5.1.3. Representative on State School Board: Mary Scott Hunter

5.1.4. Local Superintendent: Mr. James B. Cunningham

5.1.5. Local School Board Members: Mr. James B. Durham, Jr., Mr. Randy McClung, Mrs. Carolyn Martin, Mrs. Kathy Prater, Mr. Neal Baine, and Mr. Jim Cunningham

5.2. Elements of Change within School Processes and School Cultures

5.2.1. Conflict is a part of change. When you try to democratize a school, it brings issues and disagreements to the surface.

5.2.2. New behaviors have to be learned. With change comes new relationships and behaviors. The process has to include building trust , enabling leadership, learning techniques of communication, collaboration, and conflict resolution.

5.2.3. Team building has to involve the entire school. You must include everyone or else resistance to change will occur.

5.2.4. Process and content are interrelated. The process a team uses to work is just as important as the content of educational changes it attempts. You have to trust your coworkers and be open-minded. You also have to share things with them.

6. Curriculum and Predagogy-Ch. 7

6.1. Curriculum Theory

6.1.1. Developmentalist curriculum: This curriculum is related to the needs and interests of then students instead of the needs of the society. This approach to teaching considered each child's different developmental levels, needs, and interests. It is student-centered. It allows flexibility in both what is taught and how it is taught.

6.2. Two Dominant Teaching Traditions

6.2.1. Mimetic Tradition: This tradition is based on the idea that the purpose of education is to transmit specific knowledge to students. In this tradition there is the assumption that the educational process involves a student-teacher relationship. In this tradition, learning goals are stated and assessments are given. Didactic transfer is used meaning the students are lectured and a presentation is given.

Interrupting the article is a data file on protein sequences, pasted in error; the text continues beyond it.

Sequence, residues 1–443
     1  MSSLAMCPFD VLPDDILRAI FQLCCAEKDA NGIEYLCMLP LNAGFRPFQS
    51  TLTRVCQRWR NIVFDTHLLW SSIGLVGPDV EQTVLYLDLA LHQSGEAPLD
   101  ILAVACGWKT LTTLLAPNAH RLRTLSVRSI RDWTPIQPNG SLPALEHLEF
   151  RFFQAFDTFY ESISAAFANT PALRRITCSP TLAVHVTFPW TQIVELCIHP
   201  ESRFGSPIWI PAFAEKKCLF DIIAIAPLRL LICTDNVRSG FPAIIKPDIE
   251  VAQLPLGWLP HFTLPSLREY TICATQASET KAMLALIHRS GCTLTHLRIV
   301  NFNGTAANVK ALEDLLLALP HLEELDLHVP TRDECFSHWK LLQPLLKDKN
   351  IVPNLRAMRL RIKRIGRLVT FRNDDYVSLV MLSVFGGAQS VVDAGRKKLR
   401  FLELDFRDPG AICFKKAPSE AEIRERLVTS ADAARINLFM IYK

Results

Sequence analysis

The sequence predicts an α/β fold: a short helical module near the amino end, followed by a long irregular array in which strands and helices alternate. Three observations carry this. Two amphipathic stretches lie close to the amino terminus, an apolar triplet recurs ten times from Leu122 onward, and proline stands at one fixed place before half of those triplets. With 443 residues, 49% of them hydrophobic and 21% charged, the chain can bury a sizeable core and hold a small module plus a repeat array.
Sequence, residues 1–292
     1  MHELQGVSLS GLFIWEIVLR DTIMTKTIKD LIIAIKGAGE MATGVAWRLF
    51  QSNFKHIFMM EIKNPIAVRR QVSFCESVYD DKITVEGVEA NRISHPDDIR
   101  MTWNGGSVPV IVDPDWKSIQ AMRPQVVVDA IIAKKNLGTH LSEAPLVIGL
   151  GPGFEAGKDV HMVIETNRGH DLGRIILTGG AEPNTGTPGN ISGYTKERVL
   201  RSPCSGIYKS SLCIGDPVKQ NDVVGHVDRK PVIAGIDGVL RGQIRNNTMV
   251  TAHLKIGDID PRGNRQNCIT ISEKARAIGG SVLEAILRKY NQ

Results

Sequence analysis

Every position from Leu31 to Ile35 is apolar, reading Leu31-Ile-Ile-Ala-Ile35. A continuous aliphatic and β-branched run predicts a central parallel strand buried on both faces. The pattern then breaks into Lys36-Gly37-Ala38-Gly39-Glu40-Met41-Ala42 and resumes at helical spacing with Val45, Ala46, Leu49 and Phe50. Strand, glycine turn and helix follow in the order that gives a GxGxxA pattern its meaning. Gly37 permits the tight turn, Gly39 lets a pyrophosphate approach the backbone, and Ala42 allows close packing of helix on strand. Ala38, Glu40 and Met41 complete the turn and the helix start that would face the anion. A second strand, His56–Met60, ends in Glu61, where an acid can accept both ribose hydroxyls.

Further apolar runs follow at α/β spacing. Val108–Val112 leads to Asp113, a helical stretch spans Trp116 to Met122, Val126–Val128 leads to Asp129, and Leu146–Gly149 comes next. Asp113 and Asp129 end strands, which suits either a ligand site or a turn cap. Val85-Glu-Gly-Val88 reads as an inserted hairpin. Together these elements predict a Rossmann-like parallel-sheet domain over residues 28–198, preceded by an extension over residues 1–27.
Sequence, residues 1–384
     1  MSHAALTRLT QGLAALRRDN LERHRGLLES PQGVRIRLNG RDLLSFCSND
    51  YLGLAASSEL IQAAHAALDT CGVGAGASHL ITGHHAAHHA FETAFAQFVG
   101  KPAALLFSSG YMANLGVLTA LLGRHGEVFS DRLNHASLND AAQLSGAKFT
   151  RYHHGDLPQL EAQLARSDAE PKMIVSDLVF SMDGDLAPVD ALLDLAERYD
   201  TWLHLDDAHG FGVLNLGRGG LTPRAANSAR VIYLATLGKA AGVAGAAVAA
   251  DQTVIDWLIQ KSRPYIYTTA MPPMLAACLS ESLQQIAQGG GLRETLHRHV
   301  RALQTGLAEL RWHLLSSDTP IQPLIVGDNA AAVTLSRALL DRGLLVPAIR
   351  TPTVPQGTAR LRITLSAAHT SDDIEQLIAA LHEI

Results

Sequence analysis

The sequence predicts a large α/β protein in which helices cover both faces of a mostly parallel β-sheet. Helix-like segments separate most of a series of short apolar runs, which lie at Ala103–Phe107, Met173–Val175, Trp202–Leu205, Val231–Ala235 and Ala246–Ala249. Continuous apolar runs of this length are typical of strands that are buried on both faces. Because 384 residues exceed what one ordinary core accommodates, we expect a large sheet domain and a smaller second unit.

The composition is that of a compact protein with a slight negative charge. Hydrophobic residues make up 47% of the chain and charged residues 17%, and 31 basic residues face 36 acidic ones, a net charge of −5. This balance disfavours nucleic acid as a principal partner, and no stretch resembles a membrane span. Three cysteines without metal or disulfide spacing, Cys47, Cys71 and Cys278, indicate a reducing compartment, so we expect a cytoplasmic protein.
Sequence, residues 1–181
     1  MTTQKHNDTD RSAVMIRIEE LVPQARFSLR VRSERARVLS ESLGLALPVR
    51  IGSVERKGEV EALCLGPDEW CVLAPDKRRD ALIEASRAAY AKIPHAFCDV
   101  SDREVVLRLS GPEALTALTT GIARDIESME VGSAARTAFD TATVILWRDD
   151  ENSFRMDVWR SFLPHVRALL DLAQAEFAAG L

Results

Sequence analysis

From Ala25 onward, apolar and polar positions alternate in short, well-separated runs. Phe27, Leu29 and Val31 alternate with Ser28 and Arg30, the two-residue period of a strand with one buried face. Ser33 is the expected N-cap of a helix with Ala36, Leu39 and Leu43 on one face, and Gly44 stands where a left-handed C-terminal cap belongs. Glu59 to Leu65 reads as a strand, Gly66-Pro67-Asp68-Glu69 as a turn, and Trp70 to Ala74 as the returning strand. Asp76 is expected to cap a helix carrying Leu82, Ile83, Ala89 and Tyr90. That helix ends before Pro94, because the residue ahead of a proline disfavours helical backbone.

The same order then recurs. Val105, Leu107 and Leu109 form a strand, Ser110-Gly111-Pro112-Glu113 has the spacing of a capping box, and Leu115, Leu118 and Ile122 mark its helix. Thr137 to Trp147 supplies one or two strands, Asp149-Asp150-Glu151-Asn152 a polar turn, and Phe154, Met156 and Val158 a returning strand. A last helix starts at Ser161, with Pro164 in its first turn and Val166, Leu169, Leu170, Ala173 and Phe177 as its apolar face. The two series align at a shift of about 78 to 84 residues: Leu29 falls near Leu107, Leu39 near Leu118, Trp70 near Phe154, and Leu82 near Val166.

6.2.2. Transformative Tradition: This tradition is based on the idea that the purpose of education is to change the student in some meaningful way (intellectually, creatively, spiritually, and emotionally). They are not authoritarian figures, but they believe the teaching and earning is inextricably related. Conversation is a major part of this teaching tradition. Dialectical method is used which involves questioning.

7. Equality of Opportunity-Ch. 8

7.1. Impacts on Educational Outcomes

7.1.1. Class: Education is expensive. The longer a child is in school the more likely they are to need financial support from parents. Students from upper- and middle-class families are expected to finish school while students from lower-class families have lower expectations.

7.1.2. Race: Asian students outperform any other race. White students outperform black and Hispanic students. Black students outperform Hispanic students. Black and Hispanic students' SAT scores are much lower than that of white and Asian students. Race is also linked to social class.

7.1.3. Gender: Girls are less likely to drop out of school than boys. Girls also have a higher proficiency level in reading. The only subject boys are more likely to excel at is mathematics, and that is because teachers tend to assume females will not do as well as males in math.

7.2. 2 Responses to the Coleman Study

7.2.1. Catholic schools seem too advantage the low-income minority students in urban areas. They are also becoming more elite and similar to suburban public schools. They serve the poor.

7.2.2. Where an individual goes to school is often based related to her race and socioeconomic background. The race and socioeconomic composition of a school has a greater effect on student achievement than an individual's race and class. Education reform needs to eliminate race and class segregation. School programs play an important part in doing this.

8. Educational Inequality-Ch. 9

8.1. 2 Types of Cultural Differences Theories